Thursday, April 30, 2009
Wednesday, April 29, 2009
The graphics below are from The Computer Revolution by Nigel Hawkes, published in the U.K. in 1971. The book provides an overview of what computers are capable of and what they will do in the future. The first line of the back cover blurb reads: "The computer revolution has already happened, and much of America runs on computers, for better or worse." Previous DBG posts on the past futures of computers here and here.
It is interesting to read (click to enlarge) this chart that estimates when computers will start performing certain functions. The author mostly overestimates how quickly things will happen, and, of course, fails to imagine anything like the internet. One that he gets almost exactly right is the last entry that predicts that starting in the mid 1990s we will have "Remote facsimilie newspapers and magazines printed at home." Predicting the future is a difficult business, when CDs first came out in the mid 1980's I remember trying to imagine what might come after CDs. The only thing my pre-teen mind could come up with was a much smaller CD.
Tuesday, April 28, 2009
Monday, April 27, 2009
I must be on the right art world wavelength or something, because I just picked up the latest issue of Frieze and the image on the cover is one that I featured in Daily Book Graphics #26. It's Keith Arnatt's Trouser-Word Piece from 1972. More about Arnatt here.
Mushrooms (and fungus in general) are interesting in many strange ways, I often think I should try to learn more about them.
I blogged about this large Puffball here.
Sunday, April 26, 2009
Saturday, April 25, 2009
Friday, April 24, 2009
Thursday, April 23, 2009
Wednesday, April 22, 2009
I recently found this book from the Macmillan Color Series, I previously posted from Aquarium Fishes in Color back in DBG #2. Railways of the Modern Age Since 1963 (©1975) by O.S. Nock (what a great name!), is a beautiful book, I don't have any particular interest in trains but these illustrations make me think that maybe I should. I'm going to try to track down more books from this series.
Tuesday, April 21, 2009
These illustrations are from Your Wonderful Body: A Follett Beginning Science Book by Robert J.R. Follett with illustrations by Robert Frankenberg, ©1961. I bought several books from this series at the Goodwill over the weekend, this one is fairly creepy. I've chosen to focus on the head here because I felt the illustrations were the best designed of the lot.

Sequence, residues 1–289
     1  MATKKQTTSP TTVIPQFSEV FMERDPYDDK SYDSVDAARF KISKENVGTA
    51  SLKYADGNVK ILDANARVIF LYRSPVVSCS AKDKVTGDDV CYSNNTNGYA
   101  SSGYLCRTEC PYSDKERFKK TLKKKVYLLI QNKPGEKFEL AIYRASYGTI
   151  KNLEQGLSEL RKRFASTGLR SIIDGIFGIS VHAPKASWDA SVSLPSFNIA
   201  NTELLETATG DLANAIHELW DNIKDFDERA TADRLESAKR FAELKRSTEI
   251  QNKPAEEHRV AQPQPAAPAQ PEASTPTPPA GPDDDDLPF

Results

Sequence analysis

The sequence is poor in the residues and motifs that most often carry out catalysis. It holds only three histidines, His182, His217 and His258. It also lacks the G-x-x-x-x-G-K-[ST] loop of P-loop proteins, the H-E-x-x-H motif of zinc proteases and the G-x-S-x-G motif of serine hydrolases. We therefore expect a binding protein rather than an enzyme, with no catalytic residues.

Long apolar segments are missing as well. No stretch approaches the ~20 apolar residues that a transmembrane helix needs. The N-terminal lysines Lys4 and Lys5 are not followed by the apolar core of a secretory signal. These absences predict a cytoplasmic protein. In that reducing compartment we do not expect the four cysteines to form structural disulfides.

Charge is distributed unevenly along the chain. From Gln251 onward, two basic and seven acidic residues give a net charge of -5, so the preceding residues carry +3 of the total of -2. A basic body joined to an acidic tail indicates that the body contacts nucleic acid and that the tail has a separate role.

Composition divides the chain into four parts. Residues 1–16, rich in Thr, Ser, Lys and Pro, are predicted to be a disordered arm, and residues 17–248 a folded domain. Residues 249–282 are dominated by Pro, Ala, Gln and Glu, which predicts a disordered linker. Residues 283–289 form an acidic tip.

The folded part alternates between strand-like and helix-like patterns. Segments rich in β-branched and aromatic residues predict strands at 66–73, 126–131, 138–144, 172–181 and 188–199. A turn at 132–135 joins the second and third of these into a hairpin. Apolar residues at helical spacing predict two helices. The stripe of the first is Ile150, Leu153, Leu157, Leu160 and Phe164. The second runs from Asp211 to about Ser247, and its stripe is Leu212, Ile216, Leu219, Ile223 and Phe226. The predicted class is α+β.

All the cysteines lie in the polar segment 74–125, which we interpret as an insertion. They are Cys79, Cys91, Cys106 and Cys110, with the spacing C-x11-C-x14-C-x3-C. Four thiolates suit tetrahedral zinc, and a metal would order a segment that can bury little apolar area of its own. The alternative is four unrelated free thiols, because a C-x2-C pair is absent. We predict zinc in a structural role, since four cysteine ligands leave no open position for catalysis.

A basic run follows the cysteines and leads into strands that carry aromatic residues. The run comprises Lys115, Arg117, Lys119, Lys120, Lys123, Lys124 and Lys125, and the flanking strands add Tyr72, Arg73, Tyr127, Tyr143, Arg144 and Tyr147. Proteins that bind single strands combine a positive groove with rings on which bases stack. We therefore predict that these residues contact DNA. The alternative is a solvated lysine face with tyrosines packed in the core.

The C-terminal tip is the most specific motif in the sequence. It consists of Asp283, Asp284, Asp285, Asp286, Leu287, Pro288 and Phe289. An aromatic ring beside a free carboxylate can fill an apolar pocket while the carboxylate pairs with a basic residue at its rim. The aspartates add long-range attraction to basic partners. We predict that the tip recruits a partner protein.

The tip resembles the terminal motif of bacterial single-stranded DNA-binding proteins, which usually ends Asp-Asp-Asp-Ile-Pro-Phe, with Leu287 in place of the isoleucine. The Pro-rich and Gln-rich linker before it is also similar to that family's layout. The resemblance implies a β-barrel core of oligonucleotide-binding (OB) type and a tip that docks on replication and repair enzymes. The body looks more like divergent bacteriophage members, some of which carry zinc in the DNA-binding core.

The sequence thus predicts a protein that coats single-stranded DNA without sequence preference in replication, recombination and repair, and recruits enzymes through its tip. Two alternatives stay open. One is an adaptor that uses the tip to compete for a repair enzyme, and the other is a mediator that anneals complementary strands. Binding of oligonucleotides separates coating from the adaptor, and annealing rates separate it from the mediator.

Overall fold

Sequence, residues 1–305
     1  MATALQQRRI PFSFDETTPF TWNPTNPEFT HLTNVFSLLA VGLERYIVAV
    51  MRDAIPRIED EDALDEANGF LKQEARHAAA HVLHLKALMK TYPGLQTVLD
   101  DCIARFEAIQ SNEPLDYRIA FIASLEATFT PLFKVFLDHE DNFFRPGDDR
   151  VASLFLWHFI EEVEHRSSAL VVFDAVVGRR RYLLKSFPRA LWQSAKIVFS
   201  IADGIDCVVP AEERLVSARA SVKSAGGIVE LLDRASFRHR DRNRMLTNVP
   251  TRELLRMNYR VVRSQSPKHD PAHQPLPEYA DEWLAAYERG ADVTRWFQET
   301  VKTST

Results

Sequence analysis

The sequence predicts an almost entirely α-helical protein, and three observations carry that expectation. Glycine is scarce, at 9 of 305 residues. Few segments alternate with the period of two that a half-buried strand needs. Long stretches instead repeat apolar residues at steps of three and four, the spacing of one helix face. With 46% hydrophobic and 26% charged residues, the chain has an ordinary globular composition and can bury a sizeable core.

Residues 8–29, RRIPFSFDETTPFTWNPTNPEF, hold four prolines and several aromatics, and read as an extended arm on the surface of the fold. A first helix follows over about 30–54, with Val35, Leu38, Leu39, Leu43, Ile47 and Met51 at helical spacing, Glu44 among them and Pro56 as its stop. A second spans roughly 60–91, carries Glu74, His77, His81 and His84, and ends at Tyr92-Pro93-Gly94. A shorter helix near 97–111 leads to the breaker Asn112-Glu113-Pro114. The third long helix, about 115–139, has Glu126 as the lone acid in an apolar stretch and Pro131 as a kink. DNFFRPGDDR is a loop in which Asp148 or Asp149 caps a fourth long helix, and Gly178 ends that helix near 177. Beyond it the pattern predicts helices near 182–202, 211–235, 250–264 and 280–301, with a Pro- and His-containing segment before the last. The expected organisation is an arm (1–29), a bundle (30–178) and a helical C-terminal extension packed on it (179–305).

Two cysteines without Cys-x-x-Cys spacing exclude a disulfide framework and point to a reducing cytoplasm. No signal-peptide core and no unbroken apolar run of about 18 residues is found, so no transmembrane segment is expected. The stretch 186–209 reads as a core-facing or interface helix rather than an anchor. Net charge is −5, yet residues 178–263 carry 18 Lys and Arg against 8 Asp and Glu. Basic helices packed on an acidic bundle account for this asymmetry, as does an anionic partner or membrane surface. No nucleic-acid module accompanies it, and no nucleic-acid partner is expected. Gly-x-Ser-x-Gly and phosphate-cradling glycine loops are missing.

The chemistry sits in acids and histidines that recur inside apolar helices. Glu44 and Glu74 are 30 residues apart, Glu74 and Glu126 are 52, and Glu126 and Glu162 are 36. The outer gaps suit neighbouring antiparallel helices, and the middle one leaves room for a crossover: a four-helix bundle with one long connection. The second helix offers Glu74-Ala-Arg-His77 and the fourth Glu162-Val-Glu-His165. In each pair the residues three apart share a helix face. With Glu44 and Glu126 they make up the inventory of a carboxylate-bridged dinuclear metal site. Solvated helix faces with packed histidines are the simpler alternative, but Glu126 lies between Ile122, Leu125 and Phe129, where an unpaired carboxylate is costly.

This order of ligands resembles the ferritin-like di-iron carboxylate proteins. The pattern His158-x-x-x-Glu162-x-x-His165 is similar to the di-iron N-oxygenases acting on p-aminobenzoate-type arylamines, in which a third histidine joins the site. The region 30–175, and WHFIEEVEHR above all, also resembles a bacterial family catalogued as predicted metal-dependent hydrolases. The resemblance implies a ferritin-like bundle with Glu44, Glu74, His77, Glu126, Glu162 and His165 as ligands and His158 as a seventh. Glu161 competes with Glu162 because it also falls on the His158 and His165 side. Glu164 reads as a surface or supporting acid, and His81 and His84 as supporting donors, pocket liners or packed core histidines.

Monday, April 20, 2009
In the days before VHS and DVD the only way to revisit a film you had seen was to buy a book of the script with pictures. L'avventura was published in 1969, the film came out in 1960, I am Curious (Yellow), was 1968, the film was released in 1967. I haven't seen L'avventura, but I recently watched I am Curious. It is interesting as a piece of unorthodox filmmaking and as a document of Swedish culture on the cusp of change. It was very controversial at the time for the sexual content, of course by 2009 standards it seems pretty tame. In 1970 the film was the subject of an obscenity case in Massachusetts that went all the way to the Supreme Court. It was ultimately deemed to not be obscene.
I love this logo for Evergreen Black Cat Books from the L'avventura cover. Both books were published by Evergreen, an imprint of Grove Press
Sunday, April 19, 2009
Saturday, April 18, 2009
I bought a small metal drawer set earlier today at a Goodwill store. I ended up finding some loose negatives behind the drawers. I immediately put them into to my slide scanner and found the following images of a kid ollieing off of steps and walls. I'm not sure how old the images are but they are probably from over 10 years ago. I love the intensity of the reds and yellows.
More Swedish/English (and English/Swedish) ordbok covers (see DBG #49 for another one). They were originally published in 1964 but these are from the seventh printing in 1971. The illustrations look very 1964.
Friday, April 17, 2009
I recently found this booklet about Dortmund, Germany at my parent's house. It was published in the early 1980's to promote the city's potential as a business center. Dortmund is Buffalo's German sister city, which has something to do with my memory of a large mustachioed German man sitting at our dinner table at some point in the mid 80's. I assume he brought this booklet with him. "Dortmund has got what's required" is the most brilliantly efficient civic slogan I have ever heard.